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Housing Finance Market Overview

In 2008, commercial banks were the most important originators of housing loans in Malaysia (81.5 per cent), followed by the Treasury Housing Loan Division (THLD; 12 per cent) which provides (subsidised) housing loans to government employees only. The building societies which were the biggest originators until the early 70s, accounted only for a small share (around 2 per cent). The ratio of mortgage debt to GDP has been growing only slowly from 27.7 per cent in 2000 to 31.5 per cent in 2008. However, this moderate relative growth in housing loans masks an impressive growth in absolute terms.

The Market from the Perspective of the Demand Side

In Malaysia, the usual maximal loan-to-value ratio can reach up to 90 per cent. There are mortgage loans with fixed and variable interest rates available, although the standard product is a variable rate loan with an initial fixed interest period. Also Shari’ah-compliant mortgage products are readily offered by banks. The government has set up a fund to provide guarantees to end-financiers for house purchasers without fixed incomes to avail housing loans. Though Malaysia has with Cagamas a housing finance agency it does not seem to seem to receive government subsidies (even not indirectly) as even the market view is that Cagams does not have a government guarantee which is consistent with the formal level of government support.

House Price Development

House prices increased with a modest rate, with an average annual growth rate of 4 per cent from 2000 to 2008.

Special Characteristics of the Market

Malaysia has an Employees Provident Fund, a government-sanctioned statutory body, in which employees accumulate savings until their retirement. However, members can opt to withdraw part of their savings earlier for specific purposes like house ownership.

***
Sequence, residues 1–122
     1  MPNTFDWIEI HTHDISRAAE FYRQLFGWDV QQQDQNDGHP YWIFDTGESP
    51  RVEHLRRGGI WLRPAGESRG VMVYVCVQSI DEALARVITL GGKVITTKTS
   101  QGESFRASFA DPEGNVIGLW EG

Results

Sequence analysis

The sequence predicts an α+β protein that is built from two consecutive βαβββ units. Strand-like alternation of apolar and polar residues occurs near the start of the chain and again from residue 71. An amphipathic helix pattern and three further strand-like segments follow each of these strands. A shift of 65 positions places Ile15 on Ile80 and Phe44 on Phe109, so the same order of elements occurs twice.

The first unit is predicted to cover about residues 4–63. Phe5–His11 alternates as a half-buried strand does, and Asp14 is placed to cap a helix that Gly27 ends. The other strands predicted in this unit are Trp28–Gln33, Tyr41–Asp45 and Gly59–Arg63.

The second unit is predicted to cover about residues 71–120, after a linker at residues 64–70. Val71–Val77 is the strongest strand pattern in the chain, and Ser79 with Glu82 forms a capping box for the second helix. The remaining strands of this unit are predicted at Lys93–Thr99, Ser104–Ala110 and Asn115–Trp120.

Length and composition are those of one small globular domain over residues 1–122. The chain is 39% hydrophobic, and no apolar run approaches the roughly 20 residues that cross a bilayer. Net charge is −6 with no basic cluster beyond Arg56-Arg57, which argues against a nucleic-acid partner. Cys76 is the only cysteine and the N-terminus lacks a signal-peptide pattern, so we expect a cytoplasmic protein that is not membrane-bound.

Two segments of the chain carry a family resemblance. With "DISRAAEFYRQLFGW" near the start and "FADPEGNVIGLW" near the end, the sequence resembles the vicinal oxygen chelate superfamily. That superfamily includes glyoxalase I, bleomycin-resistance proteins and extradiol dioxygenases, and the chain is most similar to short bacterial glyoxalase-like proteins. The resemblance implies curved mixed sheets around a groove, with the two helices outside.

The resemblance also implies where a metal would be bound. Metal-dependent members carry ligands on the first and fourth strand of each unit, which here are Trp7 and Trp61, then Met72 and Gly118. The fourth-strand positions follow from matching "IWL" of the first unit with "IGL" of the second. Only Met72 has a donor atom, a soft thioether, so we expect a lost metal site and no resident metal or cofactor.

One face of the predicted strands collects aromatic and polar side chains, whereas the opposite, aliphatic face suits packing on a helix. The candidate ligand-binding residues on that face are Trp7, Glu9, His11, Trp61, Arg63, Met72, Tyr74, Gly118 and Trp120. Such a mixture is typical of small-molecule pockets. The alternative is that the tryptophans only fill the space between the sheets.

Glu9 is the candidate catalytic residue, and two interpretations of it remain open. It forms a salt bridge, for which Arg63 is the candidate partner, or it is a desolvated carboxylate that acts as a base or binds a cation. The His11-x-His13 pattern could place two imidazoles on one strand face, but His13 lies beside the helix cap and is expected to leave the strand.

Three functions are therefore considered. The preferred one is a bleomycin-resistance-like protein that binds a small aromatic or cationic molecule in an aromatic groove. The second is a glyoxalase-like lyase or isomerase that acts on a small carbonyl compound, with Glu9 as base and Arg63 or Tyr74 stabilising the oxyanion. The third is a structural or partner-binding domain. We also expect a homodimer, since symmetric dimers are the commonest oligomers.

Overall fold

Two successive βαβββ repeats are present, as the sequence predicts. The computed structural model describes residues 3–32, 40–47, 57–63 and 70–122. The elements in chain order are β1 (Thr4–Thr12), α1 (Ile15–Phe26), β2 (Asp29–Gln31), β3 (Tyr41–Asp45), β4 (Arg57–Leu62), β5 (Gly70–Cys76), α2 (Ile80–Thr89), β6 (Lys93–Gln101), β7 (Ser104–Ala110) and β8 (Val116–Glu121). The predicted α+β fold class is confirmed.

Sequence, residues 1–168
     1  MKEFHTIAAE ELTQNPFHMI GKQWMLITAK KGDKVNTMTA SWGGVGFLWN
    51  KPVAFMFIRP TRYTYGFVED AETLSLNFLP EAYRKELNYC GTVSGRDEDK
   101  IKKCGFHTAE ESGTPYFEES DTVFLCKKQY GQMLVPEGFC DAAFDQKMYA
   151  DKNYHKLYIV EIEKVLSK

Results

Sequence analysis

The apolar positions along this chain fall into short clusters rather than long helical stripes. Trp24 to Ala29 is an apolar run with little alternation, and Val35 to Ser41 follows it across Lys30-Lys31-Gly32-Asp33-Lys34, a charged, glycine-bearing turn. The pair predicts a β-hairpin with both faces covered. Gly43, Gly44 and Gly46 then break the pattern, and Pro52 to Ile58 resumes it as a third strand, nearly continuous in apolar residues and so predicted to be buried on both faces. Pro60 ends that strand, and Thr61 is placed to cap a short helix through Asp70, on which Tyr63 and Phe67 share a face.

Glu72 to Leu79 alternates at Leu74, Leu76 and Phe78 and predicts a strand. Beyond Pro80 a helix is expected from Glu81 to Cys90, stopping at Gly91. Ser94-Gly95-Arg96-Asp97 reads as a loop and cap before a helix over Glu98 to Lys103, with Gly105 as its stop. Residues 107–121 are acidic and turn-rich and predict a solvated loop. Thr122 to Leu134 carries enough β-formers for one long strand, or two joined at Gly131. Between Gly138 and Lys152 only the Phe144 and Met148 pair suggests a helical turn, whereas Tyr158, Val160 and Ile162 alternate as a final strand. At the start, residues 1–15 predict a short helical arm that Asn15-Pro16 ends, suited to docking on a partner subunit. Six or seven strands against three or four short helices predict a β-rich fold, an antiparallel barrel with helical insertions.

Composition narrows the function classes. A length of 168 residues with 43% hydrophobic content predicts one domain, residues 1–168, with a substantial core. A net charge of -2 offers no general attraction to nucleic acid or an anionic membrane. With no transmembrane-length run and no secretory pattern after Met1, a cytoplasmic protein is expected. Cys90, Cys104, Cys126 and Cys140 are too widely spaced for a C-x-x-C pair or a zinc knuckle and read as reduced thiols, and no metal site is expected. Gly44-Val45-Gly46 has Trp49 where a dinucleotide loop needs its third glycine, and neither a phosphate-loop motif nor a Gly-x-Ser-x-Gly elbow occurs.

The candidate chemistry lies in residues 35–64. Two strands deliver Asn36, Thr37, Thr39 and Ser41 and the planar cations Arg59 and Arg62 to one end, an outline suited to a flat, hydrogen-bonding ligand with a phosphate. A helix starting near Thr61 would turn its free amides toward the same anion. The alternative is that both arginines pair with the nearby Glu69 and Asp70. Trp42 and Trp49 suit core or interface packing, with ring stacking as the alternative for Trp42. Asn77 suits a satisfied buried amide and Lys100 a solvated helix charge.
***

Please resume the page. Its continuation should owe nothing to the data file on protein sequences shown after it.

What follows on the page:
With Cagamas, Malaysia has also a secondary mortgage liquidity facility and securitization conduit. Cagamas is owned by private commercial and investment banks (80 per cent) and the Malaysian central bank, Bank Negara Malaysia (20 per cent). Cagamas is not involved in origination but only in refinancing. Loans sold to Cagamas are not off balance sheet.

Refinancing Instruments

Banks use deposits, issue unsecured debt securities and use the refinancing opportunities offered by Cagamas to fund their mortgage market activities. The housing loans of the THLD are financed by other entities in the private sector or by federal government loans. The building societies are the only financial institutions which do not resort to refinancing with Cagamas but rely almost solely on deposits. Cagamas refinances by issuing unsecured debt securities and mortgage-backed securities. The impact of Cagamas on the mortgage market has been especially high in the mid-90ies but declined steadily. Outstanding mortgage-backed-securities (issued by Cagamas) have a share of 4 per cent on the market.

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